Here’s where things get weird: Bridwell’s hit allowed McCormick to run across home plate and seemingly win the game. Rather than touch second base, Merkle proceeded to make a beeline towards the Giants’ clubhouse in center field. Why would he do such a thing? Well, in those days, fans would often pour out onto the field after a home team victory. Therefore, it was customary for a player in Merkle’s situation to forego advancing to second so that he could steer clear of the oncoming mob.

However, although it was common practice, Major League Baseball’s official rulebook didn’t recognize this little custom. Merkle technically should have touched second—and when he failed to do so, Chicago took notice. Although the field was obscured by a torrent of fans, the Cubs managed to find a ball and get it to their second baseman, Johnny Evers. Following a chat with the Chicago infielder, umpire Hank O’Day called Merkle out, meaning that McCormick’s run was suddenly rendered void. At that point, the game should have gone into extra innings, but those interfering fans and impending darkness rendered such an outcome impossible—so O’Day declared the game to be a 1-1 tie.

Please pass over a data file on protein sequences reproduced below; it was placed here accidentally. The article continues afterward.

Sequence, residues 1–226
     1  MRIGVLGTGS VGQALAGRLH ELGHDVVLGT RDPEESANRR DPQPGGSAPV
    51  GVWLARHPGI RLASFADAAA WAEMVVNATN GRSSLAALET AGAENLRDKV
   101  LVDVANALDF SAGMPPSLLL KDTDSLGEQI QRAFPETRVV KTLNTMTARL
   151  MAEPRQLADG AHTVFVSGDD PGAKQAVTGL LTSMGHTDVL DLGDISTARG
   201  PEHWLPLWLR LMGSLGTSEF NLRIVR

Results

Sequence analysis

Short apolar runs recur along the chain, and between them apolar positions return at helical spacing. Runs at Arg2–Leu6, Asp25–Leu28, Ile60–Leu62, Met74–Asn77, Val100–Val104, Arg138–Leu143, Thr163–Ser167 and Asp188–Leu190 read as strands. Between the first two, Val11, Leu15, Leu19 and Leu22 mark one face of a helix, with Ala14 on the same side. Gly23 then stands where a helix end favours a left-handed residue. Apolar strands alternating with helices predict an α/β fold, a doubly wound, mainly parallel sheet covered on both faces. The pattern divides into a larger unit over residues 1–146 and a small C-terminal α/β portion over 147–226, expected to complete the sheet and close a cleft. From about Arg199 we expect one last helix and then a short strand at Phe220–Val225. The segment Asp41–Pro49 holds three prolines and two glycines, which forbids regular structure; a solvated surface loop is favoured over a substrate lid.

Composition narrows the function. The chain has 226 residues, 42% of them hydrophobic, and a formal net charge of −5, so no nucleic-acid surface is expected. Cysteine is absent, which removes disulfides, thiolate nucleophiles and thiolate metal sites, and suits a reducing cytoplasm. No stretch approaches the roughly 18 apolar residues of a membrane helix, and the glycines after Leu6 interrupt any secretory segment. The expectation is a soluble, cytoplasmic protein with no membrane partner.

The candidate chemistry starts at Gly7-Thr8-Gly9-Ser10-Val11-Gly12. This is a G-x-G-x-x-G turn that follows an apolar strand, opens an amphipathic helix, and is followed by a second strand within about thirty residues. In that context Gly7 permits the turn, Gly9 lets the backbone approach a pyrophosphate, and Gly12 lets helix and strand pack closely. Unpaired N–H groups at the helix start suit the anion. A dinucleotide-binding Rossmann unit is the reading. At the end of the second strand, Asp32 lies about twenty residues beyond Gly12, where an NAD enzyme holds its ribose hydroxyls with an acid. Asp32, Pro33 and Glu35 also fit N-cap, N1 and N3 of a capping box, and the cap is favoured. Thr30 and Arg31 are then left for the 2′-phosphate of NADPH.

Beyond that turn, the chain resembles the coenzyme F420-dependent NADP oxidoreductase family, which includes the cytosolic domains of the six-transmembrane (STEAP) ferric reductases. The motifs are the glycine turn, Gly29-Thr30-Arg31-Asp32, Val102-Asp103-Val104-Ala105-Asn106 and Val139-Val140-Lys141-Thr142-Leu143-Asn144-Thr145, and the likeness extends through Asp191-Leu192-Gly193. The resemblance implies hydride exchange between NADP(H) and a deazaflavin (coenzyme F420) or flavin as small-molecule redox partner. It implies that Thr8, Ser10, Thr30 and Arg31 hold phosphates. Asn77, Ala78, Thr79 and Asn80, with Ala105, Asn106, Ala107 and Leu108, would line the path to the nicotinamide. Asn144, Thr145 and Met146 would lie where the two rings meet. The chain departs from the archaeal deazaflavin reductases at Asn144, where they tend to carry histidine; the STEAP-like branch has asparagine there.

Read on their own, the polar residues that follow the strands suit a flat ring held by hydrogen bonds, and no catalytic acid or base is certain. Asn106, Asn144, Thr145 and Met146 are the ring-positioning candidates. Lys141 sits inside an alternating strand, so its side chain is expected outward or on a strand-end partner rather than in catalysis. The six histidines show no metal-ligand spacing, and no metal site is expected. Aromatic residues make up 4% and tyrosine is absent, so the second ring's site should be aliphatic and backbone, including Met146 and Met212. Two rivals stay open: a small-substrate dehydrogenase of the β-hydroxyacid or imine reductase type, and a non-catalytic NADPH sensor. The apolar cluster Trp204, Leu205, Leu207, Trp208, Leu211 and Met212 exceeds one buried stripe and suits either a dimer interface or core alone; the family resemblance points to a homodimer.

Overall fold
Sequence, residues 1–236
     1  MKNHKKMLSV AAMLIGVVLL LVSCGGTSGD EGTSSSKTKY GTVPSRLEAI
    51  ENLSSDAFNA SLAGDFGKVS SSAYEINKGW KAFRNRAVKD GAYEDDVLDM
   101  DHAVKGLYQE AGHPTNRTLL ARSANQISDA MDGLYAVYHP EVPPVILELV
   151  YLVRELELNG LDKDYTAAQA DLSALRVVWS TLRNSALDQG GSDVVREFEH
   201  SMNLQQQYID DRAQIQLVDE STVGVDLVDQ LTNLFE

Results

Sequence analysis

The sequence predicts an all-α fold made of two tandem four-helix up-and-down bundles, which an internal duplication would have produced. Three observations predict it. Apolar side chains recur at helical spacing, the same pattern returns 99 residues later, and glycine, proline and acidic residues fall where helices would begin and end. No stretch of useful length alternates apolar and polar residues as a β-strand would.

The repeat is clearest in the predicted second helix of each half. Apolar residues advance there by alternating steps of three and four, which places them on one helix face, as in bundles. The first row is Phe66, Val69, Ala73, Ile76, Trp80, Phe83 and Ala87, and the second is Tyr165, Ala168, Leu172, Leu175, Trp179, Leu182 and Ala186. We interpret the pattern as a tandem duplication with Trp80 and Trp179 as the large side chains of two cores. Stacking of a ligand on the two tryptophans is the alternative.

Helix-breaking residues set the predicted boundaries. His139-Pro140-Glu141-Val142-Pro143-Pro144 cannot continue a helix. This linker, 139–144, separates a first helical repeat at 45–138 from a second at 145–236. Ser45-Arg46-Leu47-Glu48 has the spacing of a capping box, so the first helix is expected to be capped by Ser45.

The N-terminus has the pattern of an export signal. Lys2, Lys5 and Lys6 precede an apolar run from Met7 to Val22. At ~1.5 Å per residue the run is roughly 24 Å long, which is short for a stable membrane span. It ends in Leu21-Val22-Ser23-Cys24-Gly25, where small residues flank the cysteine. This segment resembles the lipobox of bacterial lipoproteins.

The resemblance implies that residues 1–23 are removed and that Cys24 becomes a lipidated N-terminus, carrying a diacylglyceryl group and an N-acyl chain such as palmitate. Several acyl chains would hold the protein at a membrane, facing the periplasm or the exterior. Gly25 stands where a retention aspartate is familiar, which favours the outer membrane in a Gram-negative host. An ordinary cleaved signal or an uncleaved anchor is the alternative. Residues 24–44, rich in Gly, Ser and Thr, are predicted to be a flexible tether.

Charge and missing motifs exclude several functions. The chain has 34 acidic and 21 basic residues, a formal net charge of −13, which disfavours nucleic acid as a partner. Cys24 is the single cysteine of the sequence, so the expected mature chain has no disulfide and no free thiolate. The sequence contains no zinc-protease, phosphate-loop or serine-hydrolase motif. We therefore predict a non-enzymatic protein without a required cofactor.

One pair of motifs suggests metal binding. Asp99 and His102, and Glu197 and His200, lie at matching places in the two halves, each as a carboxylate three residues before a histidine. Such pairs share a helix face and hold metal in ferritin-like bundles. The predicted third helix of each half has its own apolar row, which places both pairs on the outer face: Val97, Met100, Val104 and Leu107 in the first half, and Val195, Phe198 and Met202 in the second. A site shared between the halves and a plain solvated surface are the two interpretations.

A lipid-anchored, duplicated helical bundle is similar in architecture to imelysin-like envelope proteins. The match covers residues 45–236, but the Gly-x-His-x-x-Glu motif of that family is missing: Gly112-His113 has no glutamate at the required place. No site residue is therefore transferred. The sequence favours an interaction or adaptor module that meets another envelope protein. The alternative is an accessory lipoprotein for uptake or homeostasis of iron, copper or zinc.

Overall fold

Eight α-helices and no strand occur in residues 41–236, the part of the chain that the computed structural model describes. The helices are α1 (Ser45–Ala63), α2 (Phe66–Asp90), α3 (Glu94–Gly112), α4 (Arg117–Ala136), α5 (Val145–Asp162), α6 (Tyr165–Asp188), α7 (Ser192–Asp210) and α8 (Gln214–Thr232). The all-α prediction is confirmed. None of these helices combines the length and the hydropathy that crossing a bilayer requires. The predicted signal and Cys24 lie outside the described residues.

At season’s end, the Giants and Cubs had tied for first place. A one-game playoff was arranged, which the Cubs handily won en route to claiming their final World Series championship. Meanwhile, Fred Merkle’s reputation would never recover. The events of September 23 earned him the nickname “Bonehead” and from that day onward, fans taunted him by shouting “Don’t forget to touch second!” (Reportedly, Merkle feared that someone would scrawl “bonehead” onto his tombstone.)